Project description:<h4>Purpose</h4>Pharmacometric models provide useful tools to aid the rational design of clinical trials. This study evaluates study design-, drug-, and patient-related features as well as analysis methods for their influence on the power to demonstrate a benefit of pharmacogenomics (PGx)-based dosing regarding myelotoxicity.<h4>Methods</h4>Two pharmacokinetic and one myelosuppression model were assembled to predict concentrations of irinotecan and its metabolite SN-38 given different UGT1A1 genotypes (poor metabolizers: CL<sub>SN-38</sub>: -36%) and neutropenia following conventional versus PGx-based dosing (350 versus 245 mg/m<sup>2</sup> (-30%)). Study power was assessed given diverse scenarios (n = 50-400 patients/arm, parallel/crossover, varying magnitude of CL<sub>SN-38</sub>, exposure-response relationship, inter-individual variability) and using model-based data analysis versus conventional statistical testing.<h4>Results</h4>The magnitude of CL<sub>SN-38</sub> reduction in poor metabolizers and the myelosuppressive potency of SN-38 markedly influenced the power to show a difference in grade 4 neutropenia (<0.5·10<sup>9</sup> cells/L) after PGx-based versus standard dosing. To achieve >80% power with traditional statistical analysis (χ<sup>2</sup>/McNemar's test, α = 0.05), 220/100 patients per treatment arm/sequence (parallel/crossover study) were required. The model-based analysis resulted in considerably smaller total sample sizes (n = 100/15 given parallel/crossover design) to obtain the same statistical power.<h4>Conclusions</h4>The presented findings may help to avoid unfeasible trials and to rationalize the design of pharmacogenetic studies.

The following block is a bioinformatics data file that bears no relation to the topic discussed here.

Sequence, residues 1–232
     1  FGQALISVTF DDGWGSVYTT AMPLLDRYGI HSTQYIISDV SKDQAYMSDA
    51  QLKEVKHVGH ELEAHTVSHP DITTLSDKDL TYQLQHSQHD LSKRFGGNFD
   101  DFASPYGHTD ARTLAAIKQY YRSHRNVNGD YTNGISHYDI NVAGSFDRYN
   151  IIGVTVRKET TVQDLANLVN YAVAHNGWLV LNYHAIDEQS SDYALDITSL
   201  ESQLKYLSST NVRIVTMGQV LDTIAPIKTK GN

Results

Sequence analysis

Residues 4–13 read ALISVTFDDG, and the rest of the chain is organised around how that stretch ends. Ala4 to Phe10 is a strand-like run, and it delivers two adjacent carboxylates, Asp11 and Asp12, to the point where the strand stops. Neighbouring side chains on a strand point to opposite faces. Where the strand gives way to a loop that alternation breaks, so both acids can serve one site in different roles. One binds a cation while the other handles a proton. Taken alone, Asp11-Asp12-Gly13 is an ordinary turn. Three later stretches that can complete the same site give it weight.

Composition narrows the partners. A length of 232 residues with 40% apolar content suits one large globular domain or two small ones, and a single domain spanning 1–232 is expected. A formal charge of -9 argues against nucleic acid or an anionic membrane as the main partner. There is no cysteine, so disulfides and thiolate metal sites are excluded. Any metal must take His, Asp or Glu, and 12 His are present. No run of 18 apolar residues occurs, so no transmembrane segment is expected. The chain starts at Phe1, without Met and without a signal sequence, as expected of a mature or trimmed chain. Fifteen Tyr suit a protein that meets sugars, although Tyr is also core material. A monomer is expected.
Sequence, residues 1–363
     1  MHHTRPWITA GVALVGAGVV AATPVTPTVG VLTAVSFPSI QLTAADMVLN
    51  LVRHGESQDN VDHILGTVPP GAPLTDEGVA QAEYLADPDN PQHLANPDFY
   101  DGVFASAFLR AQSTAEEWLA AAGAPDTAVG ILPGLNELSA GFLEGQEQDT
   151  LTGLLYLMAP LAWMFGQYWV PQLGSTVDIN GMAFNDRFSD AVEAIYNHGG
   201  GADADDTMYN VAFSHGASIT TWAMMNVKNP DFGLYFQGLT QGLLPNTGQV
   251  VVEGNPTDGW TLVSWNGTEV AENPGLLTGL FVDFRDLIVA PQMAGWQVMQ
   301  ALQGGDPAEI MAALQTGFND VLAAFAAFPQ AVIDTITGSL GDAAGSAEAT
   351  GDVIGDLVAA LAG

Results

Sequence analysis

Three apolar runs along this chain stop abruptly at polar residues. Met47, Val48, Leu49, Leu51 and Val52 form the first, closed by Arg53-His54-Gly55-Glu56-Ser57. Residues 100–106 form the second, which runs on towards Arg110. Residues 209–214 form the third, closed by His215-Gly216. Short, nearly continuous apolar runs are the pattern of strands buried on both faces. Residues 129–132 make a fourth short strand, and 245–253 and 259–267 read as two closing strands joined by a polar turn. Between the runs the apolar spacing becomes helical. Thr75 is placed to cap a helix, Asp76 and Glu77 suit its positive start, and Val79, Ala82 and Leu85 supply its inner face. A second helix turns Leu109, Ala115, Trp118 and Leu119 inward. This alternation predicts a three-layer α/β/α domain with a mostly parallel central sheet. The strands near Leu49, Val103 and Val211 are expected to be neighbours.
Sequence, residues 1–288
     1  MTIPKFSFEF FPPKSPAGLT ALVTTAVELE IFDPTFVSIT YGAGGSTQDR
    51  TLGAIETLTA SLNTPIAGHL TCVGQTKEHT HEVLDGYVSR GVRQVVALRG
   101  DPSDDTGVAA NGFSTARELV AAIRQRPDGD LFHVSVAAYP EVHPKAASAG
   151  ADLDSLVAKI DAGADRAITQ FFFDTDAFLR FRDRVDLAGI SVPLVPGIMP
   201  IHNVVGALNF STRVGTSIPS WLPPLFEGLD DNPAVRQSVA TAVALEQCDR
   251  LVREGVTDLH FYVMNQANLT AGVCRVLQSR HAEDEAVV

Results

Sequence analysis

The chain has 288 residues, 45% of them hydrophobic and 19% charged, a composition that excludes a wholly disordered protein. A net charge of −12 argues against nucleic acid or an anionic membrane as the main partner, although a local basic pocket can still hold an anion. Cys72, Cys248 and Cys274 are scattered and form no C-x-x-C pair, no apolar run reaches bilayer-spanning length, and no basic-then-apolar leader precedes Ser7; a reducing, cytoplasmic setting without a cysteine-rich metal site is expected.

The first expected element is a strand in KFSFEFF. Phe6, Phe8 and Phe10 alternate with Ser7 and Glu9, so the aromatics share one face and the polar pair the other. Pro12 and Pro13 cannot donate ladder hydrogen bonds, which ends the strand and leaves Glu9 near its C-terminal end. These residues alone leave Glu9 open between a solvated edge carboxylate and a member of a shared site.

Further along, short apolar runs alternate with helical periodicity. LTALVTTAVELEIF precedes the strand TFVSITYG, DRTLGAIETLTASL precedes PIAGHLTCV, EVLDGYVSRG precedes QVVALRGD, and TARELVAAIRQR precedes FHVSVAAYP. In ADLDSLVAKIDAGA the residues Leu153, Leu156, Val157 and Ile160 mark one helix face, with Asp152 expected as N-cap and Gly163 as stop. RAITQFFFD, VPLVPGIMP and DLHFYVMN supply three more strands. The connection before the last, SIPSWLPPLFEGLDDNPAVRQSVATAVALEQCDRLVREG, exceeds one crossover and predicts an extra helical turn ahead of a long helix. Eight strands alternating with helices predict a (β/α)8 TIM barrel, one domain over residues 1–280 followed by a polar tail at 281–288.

Project description:The free and open-source package nlmixr implements pharmacometric nonlinear mixed effects model parameter estimation in R. It provides a uniform language to define pharmacometric models using ordinary differential equations. Performances of the stochastic approximation expectation-maximization (SAEM) and first order-conditional estimation with interaction (FOCEI) algorithms in nlmixr were compared with those found in the industry standards, Monolix and NONMEM, using the following two scenarios: a simple model fit to 500 sparsely sampled data sets and a range of more complex compartmental models with linear and nonlinear clearance fit to data sets with rich sampling. Estimation results obtained from nlmixr for FOCEI and SAEM matched the corresponding output from NONMEM/FOCEI and Monolix/SAEM closely both in terms of parameter estimates and associated standard errors. These results indicate that nlmixr may provide a viable alternative to existing tools for pharmacometric parameter estimation.